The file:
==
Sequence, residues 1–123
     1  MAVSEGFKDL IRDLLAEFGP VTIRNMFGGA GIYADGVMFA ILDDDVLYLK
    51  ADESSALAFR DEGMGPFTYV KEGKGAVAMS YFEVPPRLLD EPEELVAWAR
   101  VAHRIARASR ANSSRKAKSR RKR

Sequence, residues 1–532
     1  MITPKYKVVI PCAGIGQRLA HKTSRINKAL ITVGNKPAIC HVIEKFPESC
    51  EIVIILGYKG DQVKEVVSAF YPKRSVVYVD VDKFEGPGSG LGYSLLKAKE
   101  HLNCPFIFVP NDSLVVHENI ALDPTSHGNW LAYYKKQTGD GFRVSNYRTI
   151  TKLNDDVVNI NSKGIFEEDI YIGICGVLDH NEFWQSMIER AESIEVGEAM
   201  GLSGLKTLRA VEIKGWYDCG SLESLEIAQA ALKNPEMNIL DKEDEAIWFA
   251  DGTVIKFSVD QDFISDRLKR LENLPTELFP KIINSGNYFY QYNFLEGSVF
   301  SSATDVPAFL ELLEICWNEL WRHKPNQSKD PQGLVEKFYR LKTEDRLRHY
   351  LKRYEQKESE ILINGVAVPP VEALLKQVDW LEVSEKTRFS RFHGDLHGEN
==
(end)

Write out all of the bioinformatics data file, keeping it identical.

Sequence, residues 1–123
     1  MAVSEGFKDL IRDLLAEFGP VTIRNMFGGA GIYADGVMFA ILDDDVLYLK
    51  ADESSALAFR DEGMGPFTYV KEGKGAVAMS YFEVPPRLLD EPEELVAWAR
   101  VAHRIARASR ANSSRKAKSR RKR

Sequence, residues 1–532
     1  MITPKYKVVI PCAGIGQRLA HKTSRINKAL ITVGNKPAIC HVIEKFPESC
    51  EIVIILGYKG DQVKEVVSAF YPKRSVVYVD VDKFEGPGSG LGYSLLKAKE
   101  HLNCPFIFVP NDSLVVHENI ALDPTSHGNW LAYYKKQTGD GFRVSNYRTI
   151  TKLNDDVVNI NSKGIFEEDI YIGICGVLDH NEFWQSMIER AESIEVGEAM
   201  GLSGLKTLRA VEIKGWYDCG SLESLEIAQA ALKNPEMNIL DKEDEAIWFA
   251  DGTVIKFSVD QDFISDRLKR LENLPTELFP KIINSGNYFY QYNFLEGSVF
   301  SSATDVPAFL ELLEICWNEL WRHKPNQSKD PQGLVEKFYR LKTEDRLRHY
   351  LKRYEQKESE ILINGVAVPP VEALLKQVDW LEVSEKTRFS RFHGDLHGEN